Samsung Galaxy Tab pricing: What we know


Today sees the Australian launch of the tablet device which global gadget blog Engadget has labelled “the first true competitor to Apple’s iPad” — Samsung’s Galaxy Tab. But what information is currently available about how much the Android tablet will cost Australians? The answer: Not much.

In late September, Samsung revealed the 3G broadband-enabled Galaxy Tab would launch through all of Australia’s carriers for a recommended retai price of $999 for the 16GB model. Last week, the company confirmed the tablet’s launch date as today. However, as of this morning, none of Australia’s mobile telcos have released plans or pricing for the tablet.

Spokespeople from Telstra, Optus and VHA have been invited to comment on their planned respective pricing options for the device. Telstra and Optus haven’t yet responded on the issue, while a VHA spokesperson confirmed the company would launch the device shortly, but couldn’t yet confirm pricing.

However, Optus’ pricing on the device, at least, may have been inadvertently leaked through the website of electronics retailer Harvey Norman. The company is currently advertising the Galaxy Tab on a $59.95 Optus monthly plan, for zero dollars upfront and with 10GB per month of downloads included. This option is listed as being available from this Wednesday 10 November.

Alternatively, customers can pay $999 upfront for the Galaxy Tab from Harvey Norman — although the retailer does not mention whether the Tab will be unlocked for use by any carrier. The outright option is listed as being available in December.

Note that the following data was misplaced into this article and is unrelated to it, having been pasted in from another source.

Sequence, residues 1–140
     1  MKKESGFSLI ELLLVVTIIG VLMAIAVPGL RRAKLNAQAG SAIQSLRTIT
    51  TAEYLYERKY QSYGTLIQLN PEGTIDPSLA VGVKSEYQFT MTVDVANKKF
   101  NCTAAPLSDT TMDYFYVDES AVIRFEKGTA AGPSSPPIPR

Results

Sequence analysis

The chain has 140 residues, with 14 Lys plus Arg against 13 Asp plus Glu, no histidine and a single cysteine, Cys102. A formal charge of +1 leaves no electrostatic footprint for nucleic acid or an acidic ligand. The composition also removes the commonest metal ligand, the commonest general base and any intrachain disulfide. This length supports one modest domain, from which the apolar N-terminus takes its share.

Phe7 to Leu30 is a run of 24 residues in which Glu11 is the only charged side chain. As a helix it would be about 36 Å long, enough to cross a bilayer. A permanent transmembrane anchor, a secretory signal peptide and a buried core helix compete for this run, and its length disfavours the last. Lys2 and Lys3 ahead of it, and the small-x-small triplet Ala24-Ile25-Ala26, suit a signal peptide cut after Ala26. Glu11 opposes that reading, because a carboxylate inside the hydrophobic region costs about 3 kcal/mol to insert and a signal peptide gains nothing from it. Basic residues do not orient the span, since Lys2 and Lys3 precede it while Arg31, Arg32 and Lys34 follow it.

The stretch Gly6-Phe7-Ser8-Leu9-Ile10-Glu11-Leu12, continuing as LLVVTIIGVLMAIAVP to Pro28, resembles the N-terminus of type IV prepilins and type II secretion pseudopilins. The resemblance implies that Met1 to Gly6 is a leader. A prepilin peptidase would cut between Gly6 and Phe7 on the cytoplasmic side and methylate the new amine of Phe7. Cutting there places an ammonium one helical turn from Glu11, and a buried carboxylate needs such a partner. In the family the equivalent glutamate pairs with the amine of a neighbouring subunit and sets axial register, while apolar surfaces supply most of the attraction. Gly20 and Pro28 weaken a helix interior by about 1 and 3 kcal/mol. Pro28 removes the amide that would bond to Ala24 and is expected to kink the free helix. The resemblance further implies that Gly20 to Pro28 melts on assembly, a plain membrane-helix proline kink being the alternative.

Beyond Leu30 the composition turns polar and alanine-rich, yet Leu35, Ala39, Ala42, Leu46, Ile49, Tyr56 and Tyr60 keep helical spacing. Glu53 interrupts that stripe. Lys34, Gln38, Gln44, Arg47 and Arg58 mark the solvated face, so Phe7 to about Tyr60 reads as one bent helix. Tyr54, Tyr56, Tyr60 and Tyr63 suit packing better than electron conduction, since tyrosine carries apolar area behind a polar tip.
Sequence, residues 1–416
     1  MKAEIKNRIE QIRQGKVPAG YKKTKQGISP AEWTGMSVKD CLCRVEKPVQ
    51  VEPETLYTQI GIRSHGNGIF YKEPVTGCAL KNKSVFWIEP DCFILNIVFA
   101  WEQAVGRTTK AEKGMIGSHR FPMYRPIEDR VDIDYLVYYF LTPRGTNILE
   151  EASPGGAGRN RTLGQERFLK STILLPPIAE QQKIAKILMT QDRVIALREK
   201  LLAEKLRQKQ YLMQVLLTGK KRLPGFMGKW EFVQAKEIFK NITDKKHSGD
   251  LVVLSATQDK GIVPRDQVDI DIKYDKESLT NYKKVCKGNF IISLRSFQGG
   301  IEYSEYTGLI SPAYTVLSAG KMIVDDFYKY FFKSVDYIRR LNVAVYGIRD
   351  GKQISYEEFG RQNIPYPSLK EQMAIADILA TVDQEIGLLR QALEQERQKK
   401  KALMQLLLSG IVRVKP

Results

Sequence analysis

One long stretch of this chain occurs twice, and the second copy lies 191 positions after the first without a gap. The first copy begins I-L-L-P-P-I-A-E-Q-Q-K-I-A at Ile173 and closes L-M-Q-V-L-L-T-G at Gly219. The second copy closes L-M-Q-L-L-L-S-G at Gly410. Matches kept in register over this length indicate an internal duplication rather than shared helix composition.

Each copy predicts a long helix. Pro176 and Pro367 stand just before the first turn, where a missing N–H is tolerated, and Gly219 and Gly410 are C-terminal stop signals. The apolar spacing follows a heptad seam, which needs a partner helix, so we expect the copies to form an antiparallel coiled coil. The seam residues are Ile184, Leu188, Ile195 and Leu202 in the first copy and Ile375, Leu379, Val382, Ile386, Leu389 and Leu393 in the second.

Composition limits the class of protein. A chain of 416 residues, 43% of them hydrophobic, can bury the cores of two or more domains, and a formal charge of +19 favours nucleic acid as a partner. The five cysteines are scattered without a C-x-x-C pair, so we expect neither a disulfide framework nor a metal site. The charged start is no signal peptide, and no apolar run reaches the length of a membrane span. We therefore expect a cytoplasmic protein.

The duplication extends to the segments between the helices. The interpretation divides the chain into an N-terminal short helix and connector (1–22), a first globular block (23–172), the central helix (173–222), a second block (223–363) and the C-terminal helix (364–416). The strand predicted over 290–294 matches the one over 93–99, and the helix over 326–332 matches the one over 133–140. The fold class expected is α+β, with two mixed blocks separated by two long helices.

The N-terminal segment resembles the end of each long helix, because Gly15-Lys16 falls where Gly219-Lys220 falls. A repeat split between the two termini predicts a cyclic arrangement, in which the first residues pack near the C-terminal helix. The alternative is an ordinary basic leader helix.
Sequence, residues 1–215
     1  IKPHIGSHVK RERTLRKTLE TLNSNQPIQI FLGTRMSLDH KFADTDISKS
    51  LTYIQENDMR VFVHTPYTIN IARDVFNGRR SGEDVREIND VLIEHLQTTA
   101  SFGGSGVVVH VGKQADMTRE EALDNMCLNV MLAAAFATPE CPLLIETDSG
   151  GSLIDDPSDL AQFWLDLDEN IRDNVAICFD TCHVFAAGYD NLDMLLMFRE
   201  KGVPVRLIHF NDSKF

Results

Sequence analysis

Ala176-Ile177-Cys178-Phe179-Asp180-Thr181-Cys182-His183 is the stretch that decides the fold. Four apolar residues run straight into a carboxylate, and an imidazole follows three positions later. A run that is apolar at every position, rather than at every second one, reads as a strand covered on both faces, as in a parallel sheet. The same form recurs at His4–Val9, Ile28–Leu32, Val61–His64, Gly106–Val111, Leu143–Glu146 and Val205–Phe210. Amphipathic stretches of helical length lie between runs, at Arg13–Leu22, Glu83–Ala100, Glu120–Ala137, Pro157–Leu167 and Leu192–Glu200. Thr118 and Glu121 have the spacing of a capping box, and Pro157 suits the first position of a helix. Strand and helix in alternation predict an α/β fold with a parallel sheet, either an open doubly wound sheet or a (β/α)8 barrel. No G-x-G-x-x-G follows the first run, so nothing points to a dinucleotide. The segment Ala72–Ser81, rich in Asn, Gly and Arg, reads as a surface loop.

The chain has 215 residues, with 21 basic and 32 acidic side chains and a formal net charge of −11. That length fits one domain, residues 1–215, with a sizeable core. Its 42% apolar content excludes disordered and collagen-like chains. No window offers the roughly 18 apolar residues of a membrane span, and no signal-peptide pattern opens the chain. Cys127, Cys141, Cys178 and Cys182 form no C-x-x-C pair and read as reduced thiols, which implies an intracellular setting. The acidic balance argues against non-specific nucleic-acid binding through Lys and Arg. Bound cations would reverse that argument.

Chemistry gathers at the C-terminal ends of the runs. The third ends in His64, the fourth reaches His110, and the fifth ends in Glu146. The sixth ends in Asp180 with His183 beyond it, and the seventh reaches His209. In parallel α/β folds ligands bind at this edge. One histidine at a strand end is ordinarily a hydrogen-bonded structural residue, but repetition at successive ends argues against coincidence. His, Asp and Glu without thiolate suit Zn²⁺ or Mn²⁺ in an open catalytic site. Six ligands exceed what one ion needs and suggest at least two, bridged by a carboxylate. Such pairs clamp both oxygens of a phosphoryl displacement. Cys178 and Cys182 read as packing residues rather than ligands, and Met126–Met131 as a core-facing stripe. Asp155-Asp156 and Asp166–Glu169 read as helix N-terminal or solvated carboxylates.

Blog Android Australia has also published what it said was a leak of Telstra’s Galaxy Tab pricing — although the telco has not confirmed whether the prices are accurate.

The company will offer three Galaxy Tab plans, according to the blog — a $29 monthly plan with 1GB of data, a $49 plan with 7GB of data, and a $79 plan with 12GB of data. However, unlike the Optus $59.95 plan — if the pricing plans are legitimate — Telstra will also charge a repayment cost for the Galaxy Tab — $25 per month extra on the $29 and $49 plans, or $15 a month on the $79 plan.

The known pricing of the Galaxy Tab so far makes it more expensive than the device which will likely be its biggest rival — Apple’s iPad. The 16GB iPad model with 3G broadband sells for $799 in Australia, with the 32GB and 64GB models going for $928 and $1,049 respectively.

However, the potential exists for some of the up-front cost to be cut out of the device through subsidised carrier pricing, as it could be sold by carriers in a similar way to mobile phones. In comparison, the iPad is only available to buy outright, with pre-paid browsing packs added on by the telcos.

Telstra currently charges $30 for a prepaid 3G SIM card for the iPad, with 1GB of data included. Recharge pricing is then available in varying amounts, according to the telco’s site, ranging from $20 for 1GB of data up to $100 for 12GB of data. All of Telstra’s recharge packs expire after 30 days.

Optus offers a wider range of pre-paid packs for the iPad, including a popular $80 recharge that gives a customer 8GB of data over six months. Vodafone has a similar recharge pack — costing $100 for 6GB of data over six months, as well as a $150 recharge pack that comes with 12GB of data over a year.